In fact, the British levy significant duties on their alcohol, yet as the budget alluded, London is a major wine trading centre.

HM Revenue & Customs Duties Page
http://customs.hmrc.gov.uk/channels...ls&propertyType=document&id=HMCE_PROD1_027236

There's more to it than reducing taxes alone. We need to put an effort with the industry to get this to work.
 

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There's more to it than reducing taxes alone. We need to put an effort with the industry to get this to work.
You argued that the gov't should levy tax on wine for subsidizing the elderly when the Budget proposed removal of wine tax.
You argued that alternative method could be sought when I pointed out that it is for boosting the economy.
You argued that cutting tax is not enough for helping wine trade when I suggested that the measure would stimulate trading from China.

You clearly lose focus and you simply don't like it and keep on arguing.

My last reply to this trend is that: the wine industry has been lobbying for a significant reduction of wine tax for long, without which HK would not be a wine centre as it is in a good position to be.

Reference: http://www.iwinecentre.com/en/simon_says_content.php#s1
 

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Discussion Starter · #18 ·
You argued that the gov't should levy tax on wine for subsidizing the elderly when the Budget proposed removal of wine tax.
You argued that alternative method could be sought when I pointed out that it is for boosting the economy.
You argued that cutting tax is not enough for helping wine trade when I suggested that the measure would stimulate trading from China.

You clearly lose focus and you simply don't like it and keep on arguing.

My last reply to this trend is that: the wine industry has been lobbying for a significant reduction of wine tax for long, without which HK would not be a wine centre as it is in a good position to be.

Reference: http://www.iwinecentre.com/en/simon_says_content.php#s1
I never said revenues from a wine tax should be used to purely subsidize the elderly. I questioned the rationale of a reduction in taxes that will not likely trickle fully to the consumer and the validity of using increased wine trading and sales as a lobbying excuse if the consumer won't fully benefit from a tax break. If the consumers won't save, why buy more, then good luck establishing a wine trading hub. This scheme is likely going to benefit the middle men along the distribution chain the most anyway. Besides, it's not HK government's style to use these types of initiatives to lure business, and may set a bad precedent as other business and industry groups lobby for breaks. Then what will happen? We haven't seen what types of economic spinoff this huge loss in revenues can result. It's quite a huge gamble when we don't see how much we get in return. Would you put your money into something not knowing how much will come back?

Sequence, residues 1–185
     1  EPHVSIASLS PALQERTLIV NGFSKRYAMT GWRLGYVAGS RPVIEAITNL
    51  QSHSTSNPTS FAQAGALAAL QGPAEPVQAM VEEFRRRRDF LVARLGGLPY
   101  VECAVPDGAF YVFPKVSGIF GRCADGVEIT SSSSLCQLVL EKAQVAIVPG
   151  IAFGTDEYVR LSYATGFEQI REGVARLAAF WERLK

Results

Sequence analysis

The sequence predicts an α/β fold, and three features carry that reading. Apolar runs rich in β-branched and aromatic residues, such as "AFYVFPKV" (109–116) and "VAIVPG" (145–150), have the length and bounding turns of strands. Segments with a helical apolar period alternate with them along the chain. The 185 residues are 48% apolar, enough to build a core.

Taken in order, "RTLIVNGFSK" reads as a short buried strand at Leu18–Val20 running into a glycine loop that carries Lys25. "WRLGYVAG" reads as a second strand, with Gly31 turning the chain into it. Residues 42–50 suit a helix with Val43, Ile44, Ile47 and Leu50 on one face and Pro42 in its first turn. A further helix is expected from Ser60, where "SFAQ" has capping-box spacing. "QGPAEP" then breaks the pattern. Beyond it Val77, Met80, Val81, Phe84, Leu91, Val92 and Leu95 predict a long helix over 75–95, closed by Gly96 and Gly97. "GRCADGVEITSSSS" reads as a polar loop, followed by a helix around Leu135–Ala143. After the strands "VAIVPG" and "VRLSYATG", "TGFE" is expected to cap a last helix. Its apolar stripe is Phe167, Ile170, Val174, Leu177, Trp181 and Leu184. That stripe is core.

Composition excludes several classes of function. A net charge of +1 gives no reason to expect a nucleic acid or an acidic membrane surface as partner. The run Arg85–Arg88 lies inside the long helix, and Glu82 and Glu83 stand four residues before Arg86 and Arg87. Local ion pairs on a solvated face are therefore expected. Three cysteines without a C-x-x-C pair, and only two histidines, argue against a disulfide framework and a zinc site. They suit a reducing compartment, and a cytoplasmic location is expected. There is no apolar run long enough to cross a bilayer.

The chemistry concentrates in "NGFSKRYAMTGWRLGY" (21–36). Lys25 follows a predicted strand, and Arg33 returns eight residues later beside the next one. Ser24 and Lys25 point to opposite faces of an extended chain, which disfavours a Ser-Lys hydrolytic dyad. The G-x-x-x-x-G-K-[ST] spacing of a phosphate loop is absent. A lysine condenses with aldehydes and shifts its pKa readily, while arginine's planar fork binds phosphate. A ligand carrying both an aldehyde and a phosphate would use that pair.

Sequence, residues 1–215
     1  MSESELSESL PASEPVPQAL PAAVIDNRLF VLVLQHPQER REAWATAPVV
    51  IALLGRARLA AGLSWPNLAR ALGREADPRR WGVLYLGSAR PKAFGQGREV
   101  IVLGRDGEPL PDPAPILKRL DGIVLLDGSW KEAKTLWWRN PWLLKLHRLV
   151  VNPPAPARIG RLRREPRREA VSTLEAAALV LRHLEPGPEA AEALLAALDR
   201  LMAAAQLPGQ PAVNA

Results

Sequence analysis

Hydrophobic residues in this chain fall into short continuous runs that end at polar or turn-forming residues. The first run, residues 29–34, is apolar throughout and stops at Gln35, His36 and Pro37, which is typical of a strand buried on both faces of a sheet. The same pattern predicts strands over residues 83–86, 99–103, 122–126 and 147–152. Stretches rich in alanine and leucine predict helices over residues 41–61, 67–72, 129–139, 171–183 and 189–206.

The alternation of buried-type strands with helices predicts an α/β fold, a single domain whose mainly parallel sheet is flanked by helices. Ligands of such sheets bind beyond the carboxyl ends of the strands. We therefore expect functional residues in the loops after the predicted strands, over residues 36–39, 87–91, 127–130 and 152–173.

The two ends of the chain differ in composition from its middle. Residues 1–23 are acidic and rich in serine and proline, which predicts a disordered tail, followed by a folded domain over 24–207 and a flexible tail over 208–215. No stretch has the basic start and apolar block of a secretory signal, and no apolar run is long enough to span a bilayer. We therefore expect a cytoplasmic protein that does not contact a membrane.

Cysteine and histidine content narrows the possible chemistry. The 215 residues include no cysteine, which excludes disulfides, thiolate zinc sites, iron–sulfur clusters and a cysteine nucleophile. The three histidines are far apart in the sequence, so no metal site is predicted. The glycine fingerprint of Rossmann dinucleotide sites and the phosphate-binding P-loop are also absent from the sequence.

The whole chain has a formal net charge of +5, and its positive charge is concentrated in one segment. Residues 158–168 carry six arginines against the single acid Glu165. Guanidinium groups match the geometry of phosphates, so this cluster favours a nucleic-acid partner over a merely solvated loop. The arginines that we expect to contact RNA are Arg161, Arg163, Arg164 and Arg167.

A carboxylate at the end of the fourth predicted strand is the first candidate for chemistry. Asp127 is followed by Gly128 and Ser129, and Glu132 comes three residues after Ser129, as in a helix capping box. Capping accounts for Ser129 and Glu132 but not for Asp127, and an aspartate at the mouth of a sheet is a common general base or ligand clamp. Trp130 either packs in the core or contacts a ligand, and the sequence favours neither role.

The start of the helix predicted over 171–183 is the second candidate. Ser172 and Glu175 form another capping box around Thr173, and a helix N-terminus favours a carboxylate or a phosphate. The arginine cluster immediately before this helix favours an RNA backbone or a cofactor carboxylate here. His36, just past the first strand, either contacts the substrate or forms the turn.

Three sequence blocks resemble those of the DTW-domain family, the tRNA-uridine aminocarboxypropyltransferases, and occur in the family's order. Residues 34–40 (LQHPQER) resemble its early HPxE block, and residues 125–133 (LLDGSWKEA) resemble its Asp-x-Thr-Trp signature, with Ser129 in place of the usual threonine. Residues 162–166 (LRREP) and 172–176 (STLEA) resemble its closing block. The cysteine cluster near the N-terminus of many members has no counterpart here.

My point has always revolved around the fact that wine and alcohol are luxury goodx, and should not be at the forefront of tax cuts when there are elderly people out there who can't meet their basic needs and are dependent on cash payments such as the 'fruit allowance'. I don't think we should worry much about how much the rich are paying for their consumption. If they drink one less glass of wine a day because of the taxes, it won't be the end of the world. But for the elderly, even eating 3 meals a day may be a problem with the miniscule government aid they're getting. We should be downright concerned about their well-being.

The moral reason is not valid. The business reason is not sound. Hence this wine tax reduction is a bad decision. That's my conclusion. If you read my replies all along, that has always been the theme.

Besides, listening to industry lobby groups is not exactly the most prudent thing to do. I have yet to see a reason from economists trying to quantify the economic effects of a wine trading centre, and the likelihood of one being set up as a result of these tax cuts. After the cooking oil industry group fiasco, we know better how much faith we should put in these groups' words.
 

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Discussion Starter · #19 ·
Asia's wine market to grow 10-20 percent in next 5 years: study